And index futures convertibility on nominal expenditure looks better than index futures convertibility on some broad bundle of goods and services--price index targetting.

Perhaps having a private clearinghouse develop the best nominal anchor and then let other alternative banking systems develop if they want would be the best approach.

But going back to gold would be a choice by the government, and it should be compared to other alternative nominal frameworks for free banking. Whatever deciision is made drives nominal expenditure, the quantity of money, the price level, the price of gold, or whatever.

But make no mistake, there must be a fixed nominal value.

(I know, ABG. Can't help it.)

Pete: thanks for your kind words. You and Dave and Steve were challenging but rewarding to teach. I am very impressed and happy with how well you guys have done.

Thanks for endorsing KPC too. Mike and I really enjoy doing it.


Lee Kelly referred to "socialists like Mr Lesvic, who seek to suppress the free market institution of fractional reserve banking."

I seem to recall your having said that before, and perhaps even more than once before.

Just go on setting up a straw man Lesvic, since you can't knock the real one down.

As for calling Kelly and Woolsey socialists, that may have gone too far. But, in this matter, at least, their position is the socialist position, that some Big Brother, and not the market itself, knows best.

Bill Woolsey raises the important issue of "going back to gold." I don't think one can turn back the historical clock. But I do think the discussion should be informed by the history of how we/the world got onto it. There was a moment when governments finally fixed a value of gold, just as it did for the foot (length). But that doesn't mean it was an arbitrary decision.

A government can decide that English will be the offical language of the country. The government does not "define" the language by doing that. The language pre-exists.

Money is part of a liberal order and the discussion cannot be divorced from it. There are technical issues, but the monetary order for a free society cannot be decided by technical issues alone.

On one technical issue, I don't think a free banking system can operate with fiat currencies. Hayek started with "Choice in Currencies" -- existing fiat currencies. It wasn't about free banking.

AIER ran a conference a few years ago on some of the technical issues of returning to the gold standard. (It was directed by Walker Todd.) I went away feeling that technical issues were not an obstacle. The chief obstacle is the failure to have a unified conception of a free society and a vison of a free monetary order within that.

The importance of a free monetary system for the long run preservation of a free society, as Jerry O'Driscoll suggests, cannot be too strongly emphasized.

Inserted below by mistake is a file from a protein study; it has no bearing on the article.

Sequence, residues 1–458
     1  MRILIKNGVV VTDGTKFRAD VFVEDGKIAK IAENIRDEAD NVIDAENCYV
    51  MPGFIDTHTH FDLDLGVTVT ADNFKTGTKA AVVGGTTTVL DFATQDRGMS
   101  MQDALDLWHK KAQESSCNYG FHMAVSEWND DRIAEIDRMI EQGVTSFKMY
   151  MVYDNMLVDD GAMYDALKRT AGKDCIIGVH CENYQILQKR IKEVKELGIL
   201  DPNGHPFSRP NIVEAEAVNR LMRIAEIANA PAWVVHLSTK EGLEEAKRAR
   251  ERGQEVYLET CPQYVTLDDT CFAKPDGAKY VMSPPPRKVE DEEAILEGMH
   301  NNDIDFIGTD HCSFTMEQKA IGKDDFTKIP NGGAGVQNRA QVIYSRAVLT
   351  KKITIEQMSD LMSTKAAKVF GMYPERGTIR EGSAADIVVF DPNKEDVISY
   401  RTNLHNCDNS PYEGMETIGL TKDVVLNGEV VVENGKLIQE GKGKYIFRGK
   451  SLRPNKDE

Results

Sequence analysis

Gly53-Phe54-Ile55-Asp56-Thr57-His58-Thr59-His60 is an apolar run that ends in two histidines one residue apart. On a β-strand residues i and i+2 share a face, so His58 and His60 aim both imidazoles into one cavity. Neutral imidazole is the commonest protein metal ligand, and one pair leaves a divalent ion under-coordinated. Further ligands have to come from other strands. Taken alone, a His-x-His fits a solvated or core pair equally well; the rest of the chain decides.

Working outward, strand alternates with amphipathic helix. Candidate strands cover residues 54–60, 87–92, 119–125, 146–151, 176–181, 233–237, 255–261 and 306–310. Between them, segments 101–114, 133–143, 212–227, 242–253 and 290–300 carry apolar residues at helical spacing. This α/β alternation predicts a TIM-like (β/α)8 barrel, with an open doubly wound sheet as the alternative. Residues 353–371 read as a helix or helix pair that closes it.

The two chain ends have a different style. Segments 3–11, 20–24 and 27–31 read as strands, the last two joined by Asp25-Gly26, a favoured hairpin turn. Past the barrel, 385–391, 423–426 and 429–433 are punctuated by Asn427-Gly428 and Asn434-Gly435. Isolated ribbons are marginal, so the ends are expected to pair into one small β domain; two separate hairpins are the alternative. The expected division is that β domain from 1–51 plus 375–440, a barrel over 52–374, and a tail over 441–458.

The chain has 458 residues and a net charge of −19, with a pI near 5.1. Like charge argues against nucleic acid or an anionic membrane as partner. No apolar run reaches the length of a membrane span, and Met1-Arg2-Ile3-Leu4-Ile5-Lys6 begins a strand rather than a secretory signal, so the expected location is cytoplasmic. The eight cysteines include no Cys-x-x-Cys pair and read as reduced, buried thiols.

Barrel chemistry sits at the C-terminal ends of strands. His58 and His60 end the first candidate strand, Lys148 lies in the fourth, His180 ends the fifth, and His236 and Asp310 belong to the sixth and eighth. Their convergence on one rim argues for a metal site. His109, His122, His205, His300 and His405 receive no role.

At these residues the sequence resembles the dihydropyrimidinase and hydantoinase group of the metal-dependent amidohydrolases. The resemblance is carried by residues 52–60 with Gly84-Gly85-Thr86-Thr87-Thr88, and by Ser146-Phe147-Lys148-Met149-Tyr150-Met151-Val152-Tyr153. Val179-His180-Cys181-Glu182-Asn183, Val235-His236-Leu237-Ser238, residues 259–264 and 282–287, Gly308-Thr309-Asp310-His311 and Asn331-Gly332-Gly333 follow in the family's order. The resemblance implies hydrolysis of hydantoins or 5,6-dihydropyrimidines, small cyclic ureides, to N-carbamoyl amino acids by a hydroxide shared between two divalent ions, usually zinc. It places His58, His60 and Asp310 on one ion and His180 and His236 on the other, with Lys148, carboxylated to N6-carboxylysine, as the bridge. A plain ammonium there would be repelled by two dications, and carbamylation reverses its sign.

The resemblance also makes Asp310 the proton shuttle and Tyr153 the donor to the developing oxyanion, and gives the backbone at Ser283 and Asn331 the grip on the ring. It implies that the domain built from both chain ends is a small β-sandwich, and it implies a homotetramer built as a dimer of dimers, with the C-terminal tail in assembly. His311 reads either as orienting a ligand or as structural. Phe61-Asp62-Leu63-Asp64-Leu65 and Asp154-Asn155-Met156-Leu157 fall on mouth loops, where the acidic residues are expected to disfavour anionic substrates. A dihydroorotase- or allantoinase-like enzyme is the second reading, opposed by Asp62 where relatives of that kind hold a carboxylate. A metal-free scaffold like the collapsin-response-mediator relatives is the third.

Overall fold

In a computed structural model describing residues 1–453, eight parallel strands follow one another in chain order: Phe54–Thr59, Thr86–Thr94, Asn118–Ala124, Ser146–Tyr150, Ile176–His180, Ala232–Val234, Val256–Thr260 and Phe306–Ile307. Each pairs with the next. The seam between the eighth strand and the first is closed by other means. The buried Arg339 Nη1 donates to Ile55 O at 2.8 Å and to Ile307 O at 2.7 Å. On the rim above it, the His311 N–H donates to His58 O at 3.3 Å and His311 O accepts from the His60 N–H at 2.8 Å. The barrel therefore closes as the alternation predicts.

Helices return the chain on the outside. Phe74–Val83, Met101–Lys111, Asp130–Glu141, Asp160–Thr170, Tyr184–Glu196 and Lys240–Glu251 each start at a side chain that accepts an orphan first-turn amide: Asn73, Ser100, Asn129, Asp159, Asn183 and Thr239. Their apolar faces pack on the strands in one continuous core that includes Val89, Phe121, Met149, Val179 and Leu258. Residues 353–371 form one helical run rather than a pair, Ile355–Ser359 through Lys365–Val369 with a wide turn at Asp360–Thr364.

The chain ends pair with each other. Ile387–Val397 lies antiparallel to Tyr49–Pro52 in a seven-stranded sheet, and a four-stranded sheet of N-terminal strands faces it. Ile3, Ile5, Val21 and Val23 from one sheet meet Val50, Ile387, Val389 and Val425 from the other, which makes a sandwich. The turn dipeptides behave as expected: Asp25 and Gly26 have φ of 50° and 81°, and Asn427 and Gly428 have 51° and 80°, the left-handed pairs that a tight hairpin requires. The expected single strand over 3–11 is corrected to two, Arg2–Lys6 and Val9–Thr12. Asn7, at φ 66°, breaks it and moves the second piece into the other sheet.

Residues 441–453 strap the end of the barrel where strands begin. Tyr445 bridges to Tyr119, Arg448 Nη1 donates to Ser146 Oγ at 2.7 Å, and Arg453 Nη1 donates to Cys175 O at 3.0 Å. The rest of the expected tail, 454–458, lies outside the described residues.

In 1942, the German free market economist, Gustav Stopler (then in exile in America from war-torn Europe) observed in his book, "This Age of Fables":

"Hardly ever do the advocates of free capitalism realize how utterly their ideal was frustrated at the moment the state assumed control of the monetary system . . .

"A 'free' capitalism with government responsibility for money and credit has lost its innocence. From that point on it is no longer a matter of principle but one of expediency how far one wishes or permits government interference to go. Money control is the supreme and most comprehensive of all governmental controls short of expropriation. . ."

And writing at that time, Stolper also pointed out that, "There is today only one prominent [classical] liberal theorist consistent enough to advocate free, uncontrolled competition among banks in the creation of money, [Ludwig von] Mises."

Stopler despaired that Mises had seemingly failed to persuade any to follow him in supporting this position.

Luckily, over 65 years later there are far more advocates of the denationalization of money than when Mises stood alone.

Unless there are at least some who reason and attempt to persuade "outside the box" of the current debates over monetary and banking policy, such a change will and can never come about.

It was not enough in the 18th century, say, to call for more humane treatment of slaves; it was necessary to make the far more radical case for the actual abolition of slavery so in the 19th century that ages-long institution could be brought to an end.

We will never bring about the free society in general or the ending to monetary central planning in particular by advocating how monetary policy can be made more "humane" (i.e., less destabilizing). It is necessary to call for the end to the government's monetary monopoly, and the freeing of money and all forms of financial intermediation from state control and influence.

Richard Ebeling

Richard Ebeling's statement is eloquent and I support it. I wrote about a free monetary order for a conference on Natural Law and Economics at Princeton earlier this year. It has nothing to do with optimality, but with liberty.

It is fine to talk about improving monetary policy in the current context. I have been doing the same for banking regulation over at ThinkMarkets.